Contractual pension (NOK)3 900004 2001 3000016 00013 50002005 50001001 7003 700
Contractual pension (AFP) in public sector (NOK)52 900003 0001 0000010 70011 20001003 700001 2002 600
Contractual pension (AFP) in private sector (NOK)1 100001 300300005 4002 20001001 800005001 000
Unemployment benefits (NOK)5 7004 2007 6004 8001006 00010 1006 10070010 2007 1008 8006 5005 1007 20011 100
Sickness benefits (NOK)616 7005 20010 20014 10040010 80017 50029 0003 90029 90027 00030 50016 80020 00020 60025 700
Other taxable transfers (NOK)79 9003 2002 5008002 1001 8002 5009002 70073 3001 6001 50026 0002 4001 80014 600
 
Tax-free transfers (NOK)16 70010 6009 2006 9002 30016 5008 7003 8002 50039 40033 50011 20077 60055 80015 50031 900
Familiy allowances (NOK)6 4001001 5004000100500100021 40021 0001 00025 10024 3001 60010 100
Dwelling support (kr)1 2002 0001 9001 6009008008002001001 2006003008 9003 5001 2001 500
Scholarships (NOK)2 2002 8003000012 0003 900002 8004 0004 6003 6004 6004 2007 600
Social assistance (NOK)2 3004 3004 2002 7001002 1002 1006001003 0001 7001 40012 8005 7003 7004 000
Basic and attendance benefits (NOK)1 4005006001 0001 1006006001 0001 4001 5003 2001 8001 5003 1001 7002 400
Cash for care (NOK)7001002000000005 400004 100001 400
Other tax-free transfers (NOK)82 5008005001 1003009008001 8001 0004 1003 1002 10021 70014 6003 1004 900
 
Total income (NOK)794 400326 800448 900499 400347 200697 500911 8001 167 000777 9001 058 0001 328 9001 454 100428 800582 500759 6001 036 900
 
Total assessed taxed and negative transfers (NOK)204 60075 200117 000135 90063 000162 100242 200337 800163 200274 500377 600401 20070 100127 300183 900243 200
Assessed taxes (NOK)200 00073 700113 200131 90062 800158 400235 900330 700162 300267 300368 900392 70067 500122 900179 100237 100
Negative transfers (NOK)94 6001 5003 8004 0002003 7006 3007 1001 0007 1008 7008 5002 6004 4004 9006 100
 
After-tax income (NOK)589 900251 600331 900363 600284 200535 400669 600829 200614 600783 500951 3001 052 900358 700455 300575 700793 700
 
Number of households2 317 361159 902194 989291 603257 84448 32360 295214 535222 809232 685254 492113 99828 44984 55859 11993 760

Table 2 
Property account for households

Property account for households
20152014 - 2015
Average for households with different property holdings (NOK)Share of households with different property holdings (per cent)NOK millionPercentage change (NOK million)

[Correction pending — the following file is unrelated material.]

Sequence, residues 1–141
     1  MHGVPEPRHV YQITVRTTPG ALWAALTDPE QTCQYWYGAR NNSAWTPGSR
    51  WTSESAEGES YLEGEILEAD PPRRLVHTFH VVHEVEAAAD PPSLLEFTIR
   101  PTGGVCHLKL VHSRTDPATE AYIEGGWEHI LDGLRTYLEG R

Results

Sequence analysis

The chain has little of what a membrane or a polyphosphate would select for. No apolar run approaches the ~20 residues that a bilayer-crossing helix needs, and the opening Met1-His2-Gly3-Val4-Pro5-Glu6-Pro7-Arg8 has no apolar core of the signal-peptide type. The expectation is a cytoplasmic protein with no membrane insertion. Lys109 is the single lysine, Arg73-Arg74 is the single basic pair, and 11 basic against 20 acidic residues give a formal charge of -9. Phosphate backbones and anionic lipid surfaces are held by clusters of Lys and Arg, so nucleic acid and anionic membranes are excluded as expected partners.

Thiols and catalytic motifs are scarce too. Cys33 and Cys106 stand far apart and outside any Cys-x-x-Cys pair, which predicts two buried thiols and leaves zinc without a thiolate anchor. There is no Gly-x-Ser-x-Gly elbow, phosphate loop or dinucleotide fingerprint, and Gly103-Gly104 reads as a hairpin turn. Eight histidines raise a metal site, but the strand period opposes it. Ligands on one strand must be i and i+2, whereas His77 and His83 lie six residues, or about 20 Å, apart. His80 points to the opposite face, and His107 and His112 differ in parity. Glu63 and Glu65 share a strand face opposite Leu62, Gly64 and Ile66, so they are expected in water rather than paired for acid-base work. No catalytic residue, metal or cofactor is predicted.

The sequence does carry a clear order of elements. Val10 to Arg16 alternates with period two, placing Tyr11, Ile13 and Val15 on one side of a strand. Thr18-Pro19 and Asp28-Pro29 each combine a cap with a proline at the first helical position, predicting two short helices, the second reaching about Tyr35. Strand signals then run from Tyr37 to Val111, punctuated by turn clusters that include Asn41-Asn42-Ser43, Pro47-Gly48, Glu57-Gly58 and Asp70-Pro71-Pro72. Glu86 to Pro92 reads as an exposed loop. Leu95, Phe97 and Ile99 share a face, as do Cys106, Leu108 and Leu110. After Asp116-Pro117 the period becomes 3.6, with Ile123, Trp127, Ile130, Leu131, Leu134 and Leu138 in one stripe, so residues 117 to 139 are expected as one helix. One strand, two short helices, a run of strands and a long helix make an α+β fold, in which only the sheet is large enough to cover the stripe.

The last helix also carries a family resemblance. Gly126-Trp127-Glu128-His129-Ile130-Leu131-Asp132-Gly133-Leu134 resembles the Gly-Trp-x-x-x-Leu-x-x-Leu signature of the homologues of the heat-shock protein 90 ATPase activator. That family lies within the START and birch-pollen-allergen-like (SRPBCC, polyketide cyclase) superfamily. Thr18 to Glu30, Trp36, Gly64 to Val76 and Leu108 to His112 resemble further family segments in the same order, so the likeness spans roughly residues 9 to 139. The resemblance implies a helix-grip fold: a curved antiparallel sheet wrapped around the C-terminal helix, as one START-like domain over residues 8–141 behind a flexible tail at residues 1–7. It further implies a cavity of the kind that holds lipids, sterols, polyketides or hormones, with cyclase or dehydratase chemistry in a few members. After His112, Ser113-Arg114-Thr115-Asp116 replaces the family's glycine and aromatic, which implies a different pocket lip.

Estimated real capital3 180 80082.26 056 6058.3
Estimated market value primary dwelling3 180 00068.55 046 0118.7
Estimated market value secondary dwelling2 424 00010.4583 2218.3
Taxable gross financial capital1 037 00099.02 378 24711.1
Bank deposits458 80098.91 051 7296.4
Shares and other securities1 920 60021.1939 40715.5
Share of unit trusts, bond and money market funds217 10031.5158 36118.2
Foreign taxable wealth excl. real properties449 4003.738 6978.7
Estimated gross wealth3 674 60099.18 434 8529.1
Debt1 525 70084.42 985 4775.9
Study debt219 30024.5124 3556.5
Estimated net wealth2 363 70099.55 449 37411.0
Positive net wealth3 023 10081.35 692 63310.2
Negative net wealth-575 90018.2-243 259-3.8
Property taxes35 20015.312 465-5.7

Table 3 
Percentage share of total estimated net wealth, average net wealth and lowest value in decile for households, by deciles

Percentage share of total estimated net wealth, average net wealth and lowest value in decile for households, by deciles1
2015
Share of total net wealth (per cent)Average estimated net wealth (NOK)Lowest value in decile (NOK)
1Students not included
Total100.02 351 500..
Decile 1-4.2-980 500..
Decile 2-0.3-69 100-215 000
Decile 30.368 2002 600
Decile 41.9435 800195 800
Decile 54.2976 100697 900
Decile 66.61 559 9001 258 800
Decile 79.52 224 4001 874 100
Decile 813.03 056 3002 601 400
Decile 918.54 349 0003 575 900
Decile 1050.611 895 3005 368 700
Top 5 per cent37.217 501 1007 543 400
Top 1 per cent19.846 604 20016 381 900
Top 0,1 per cent9.4221 338 80068 418 600

Table 4 
Measures of income dispersion. Household equivalent income (EU-scale) between persons

Measures of income dispersion. Household equivalent income (EU-scale) between persons1
Total populationTotal population excluding persons in student households
Gini coefficientStandard error of the Gini coefficientP90/P102S80/S203Gini coefficientStandard error of the Gini coefficientP90/P102S80/S203
1Negative amounts have been set to zero.
2Percentile ratio of the 9th and the 1st decile cut-offs.
3The ratio of the share of income held by the top 20 per cent of the distribution and the bottom 20 per cent of the distribution.
19920.2230.0032.73.20.2190.0032.63.1
19930.2290.0042.63.20.2260.0042.63.2
19940.2410.0022.83.50.2350.0022.73.3
19950.2360.0032.73.40.2310.0032.63.2
19960.2450.0042.73.50.2400.0042.63.4
19970.2490.0042.73.50.2430.0042.63.4
19980.2380.0032.73.40.2330.0032.63.2
19990.2420.0042.73.40.2360.0042.63.3
20000.2620.0042.73.70.2570.0042.63.6
20010.2290.0022.63.20.2230.0022.53.1
20020.2640.0042.73.80.2580.0042.63.6
20030.2740.0032.83.90.2670.0032.73.7
20040.283..2.74.10.276..2.63.8
20050.327..2.84.80.319..2.74.5
20060.243..2.83.50.235..2.63.3
20070.252..2.83.70.244..2.73.5
20080.248..2.83.60.240..2.73.4
20090.241..2.83.50.231..2.63.3
20100.245..2.83.60.236..2.63.3
20110.247..2.83.60.237..2.73.4
20120.249..2.93.70.239..2.73.4
20130.250..2.93.70.241..2.73.4
20140.256..2.93.80.247..2.83.5
20150.271..3.04.00.263..2.83.8

Table 5 
Registered incomes for residents. Number of persons with amount. Amount in NOK million.

Registered incomes for residents. Number of persons with amount. Amount in NOK million.
20142015
Number of persons with amountNOK millionNumber of persons with amountNOK million
1For recipients of new transitional benefits for single mothers/fathers from April 2014, the benefits will be taxed as wage. From the income year 2015, the benefits are included in Social security benefits.
2Includes recipients of the former private contractual pension scheme (AFP).
3Sickness benfits from the National Insurance Scheme. Holiday payments from sickness benefits are included.